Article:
Grass clippings, leaves, manure, young plants.
Wood ash (no more than 2 gallons per year), egg cartons, tea bags, used coffee grounds, straw/hay, and any other reasonably fast-rotting items.
Wood shavings, hard plants, sawdust, hedge trimmings.
Depending on how quickly you want your compost to be used, you should choose the right ingredients. You can even choose dead marijuana plants if you have any. Making compost is relatively easy (although you might want to mix all the ingredients in an outdoor environment). Here is a quick step-by-step guide to compost making
- You need a container (any box will do) placed in a shady spot, on a flat surface. Then you can start adding the ingredients, mixed with a little bit of soil to aid the decomposition of organic matter.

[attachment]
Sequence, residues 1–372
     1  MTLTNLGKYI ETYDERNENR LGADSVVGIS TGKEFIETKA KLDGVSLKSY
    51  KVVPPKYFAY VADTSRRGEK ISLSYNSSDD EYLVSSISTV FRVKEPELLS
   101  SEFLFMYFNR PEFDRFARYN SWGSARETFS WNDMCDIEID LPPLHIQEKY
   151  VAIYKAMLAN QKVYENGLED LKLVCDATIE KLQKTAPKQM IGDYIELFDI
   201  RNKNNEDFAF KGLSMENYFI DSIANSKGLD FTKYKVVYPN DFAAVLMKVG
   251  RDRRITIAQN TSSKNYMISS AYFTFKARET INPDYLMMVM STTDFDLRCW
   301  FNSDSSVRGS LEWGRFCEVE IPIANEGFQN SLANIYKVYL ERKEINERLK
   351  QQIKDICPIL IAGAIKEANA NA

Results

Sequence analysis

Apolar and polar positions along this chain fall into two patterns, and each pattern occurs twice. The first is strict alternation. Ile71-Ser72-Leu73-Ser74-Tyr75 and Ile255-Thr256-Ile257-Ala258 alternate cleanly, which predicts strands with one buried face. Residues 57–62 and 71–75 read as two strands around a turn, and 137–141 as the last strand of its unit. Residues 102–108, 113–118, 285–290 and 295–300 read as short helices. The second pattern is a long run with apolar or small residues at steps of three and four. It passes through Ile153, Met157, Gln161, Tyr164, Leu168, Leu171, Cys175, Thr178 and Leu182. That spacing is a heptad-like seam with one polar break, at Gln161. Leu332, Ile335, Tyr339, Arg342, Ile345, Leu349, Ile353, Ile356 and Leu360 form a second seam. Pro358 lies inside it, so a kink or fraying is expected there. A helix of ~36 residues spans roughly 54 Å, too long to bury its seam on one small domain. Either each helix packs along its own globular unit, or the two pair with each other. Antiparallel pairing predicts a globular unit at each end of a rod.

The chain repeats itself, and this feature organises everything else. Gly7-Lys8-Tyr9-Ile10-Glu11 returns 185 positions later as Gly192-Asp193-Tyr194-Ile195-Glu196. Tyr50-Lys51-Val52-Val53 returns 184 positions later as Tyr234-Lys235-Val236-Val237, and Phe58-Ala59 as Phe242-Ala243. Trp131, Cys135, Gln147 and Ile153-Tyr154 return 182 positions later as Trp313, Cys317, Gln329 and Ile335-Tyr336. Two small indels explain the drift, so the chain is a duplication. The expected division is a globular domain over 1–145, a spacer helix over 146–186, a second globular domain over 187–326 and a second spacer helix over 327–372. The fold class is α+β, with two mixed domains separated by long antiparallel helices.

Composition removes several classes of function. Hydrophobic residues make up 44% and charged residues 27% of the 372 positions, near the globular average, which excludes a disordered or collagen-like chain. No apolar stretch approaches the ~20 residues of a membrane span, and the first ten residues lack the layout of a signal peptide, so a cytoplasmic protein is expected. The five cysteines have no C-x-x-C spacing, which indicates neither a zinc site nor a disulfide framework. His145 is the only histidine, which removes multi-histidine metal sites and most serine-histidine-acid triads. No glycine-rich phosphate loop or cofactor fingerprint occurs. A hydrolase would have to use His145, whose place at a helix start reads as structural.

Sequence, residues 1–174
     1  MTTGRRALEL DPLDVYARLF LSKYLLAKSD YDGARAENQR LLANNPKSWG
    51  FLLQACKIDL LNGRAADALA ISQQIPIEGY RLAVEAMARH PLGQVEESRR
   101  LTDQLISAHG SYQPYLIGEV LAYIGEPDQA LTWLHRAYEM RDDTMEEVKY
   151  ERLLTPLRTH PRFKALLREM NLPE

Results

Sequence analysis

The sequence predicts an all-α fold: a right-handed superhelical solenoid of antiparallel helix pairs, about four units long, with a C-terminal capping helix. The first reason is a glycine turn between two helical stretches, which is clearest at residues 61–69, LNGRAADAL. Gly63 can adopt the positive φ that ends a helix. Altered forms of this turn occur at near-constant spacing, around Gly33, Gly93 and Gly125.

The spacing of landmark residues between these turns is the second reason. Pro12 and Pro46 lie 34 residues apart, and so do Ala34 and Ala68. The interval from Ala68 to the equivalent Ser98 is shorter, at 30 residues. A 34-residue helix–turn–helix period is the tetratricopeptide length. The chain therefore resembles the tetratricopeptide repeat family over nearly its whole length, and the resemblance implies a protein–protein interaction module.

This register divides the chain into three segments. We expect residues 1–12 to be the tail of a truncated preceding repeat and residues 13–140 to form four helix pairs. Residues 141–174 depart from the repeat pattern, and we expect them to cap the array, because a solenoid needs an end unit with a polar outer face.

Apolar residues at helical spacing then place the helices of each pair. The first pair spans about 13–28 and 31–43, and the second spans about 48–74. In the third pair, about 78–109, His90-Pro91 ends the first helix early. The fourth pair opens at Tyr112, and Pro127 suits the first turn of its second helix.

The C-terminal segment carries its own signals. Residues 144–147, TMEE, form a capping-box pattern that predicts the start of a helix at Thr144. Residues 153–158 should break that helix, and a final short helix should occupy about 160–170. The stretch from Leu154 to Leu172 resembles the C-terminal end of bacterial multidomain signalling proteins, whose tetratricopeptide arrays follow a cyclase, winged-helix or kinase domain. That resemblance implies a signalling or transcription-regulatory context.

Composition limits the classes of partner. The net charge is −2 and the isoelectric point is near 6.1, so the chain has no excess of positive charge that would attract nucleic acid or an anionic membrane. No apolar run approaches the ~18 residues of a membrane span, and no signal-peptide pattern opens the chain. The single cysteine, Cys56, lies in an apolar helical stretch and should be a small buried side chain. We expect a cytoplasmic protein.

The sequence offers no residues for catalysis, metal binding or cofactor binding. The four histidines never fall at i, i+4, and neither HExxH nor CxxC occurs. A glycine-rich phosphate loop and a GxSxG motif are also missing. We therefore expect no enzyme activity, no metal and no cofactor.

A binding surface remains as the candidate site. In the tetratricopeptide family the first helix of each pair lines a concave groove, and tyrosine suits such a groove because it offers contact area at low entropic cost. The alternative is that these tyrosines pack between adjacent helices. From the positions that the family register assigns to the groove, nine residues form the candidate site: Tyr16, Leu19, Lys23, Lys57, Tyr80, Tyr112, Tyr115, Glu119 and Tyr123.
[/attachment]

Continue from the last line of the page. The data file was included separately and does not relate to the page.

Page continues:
- When the compost pile feels a bit warm, or about 7 days later, mix the heap. Try to move as much stuff from the bottom to the top. If the heap is dry, add water. If it is overly soggy, add more dry material. It will take at best 6-8 weeks for the compost to complete, but that depends largely on how much material you put in. In some cases, it could take up to a year.
- You’ll notice that its ready when it transforms into a uniform, dark brown blend that smells crudely.
Composting is a lengthy process that requires dedication, tenacity, and patience. You can find lots of information on compost techniques here. Generally, you’ll want to store your compost and have an ample supply. Since it takes such a long time to create, it’s wise to preserve and think ahead.
Making Compost Tea for Foliar Feed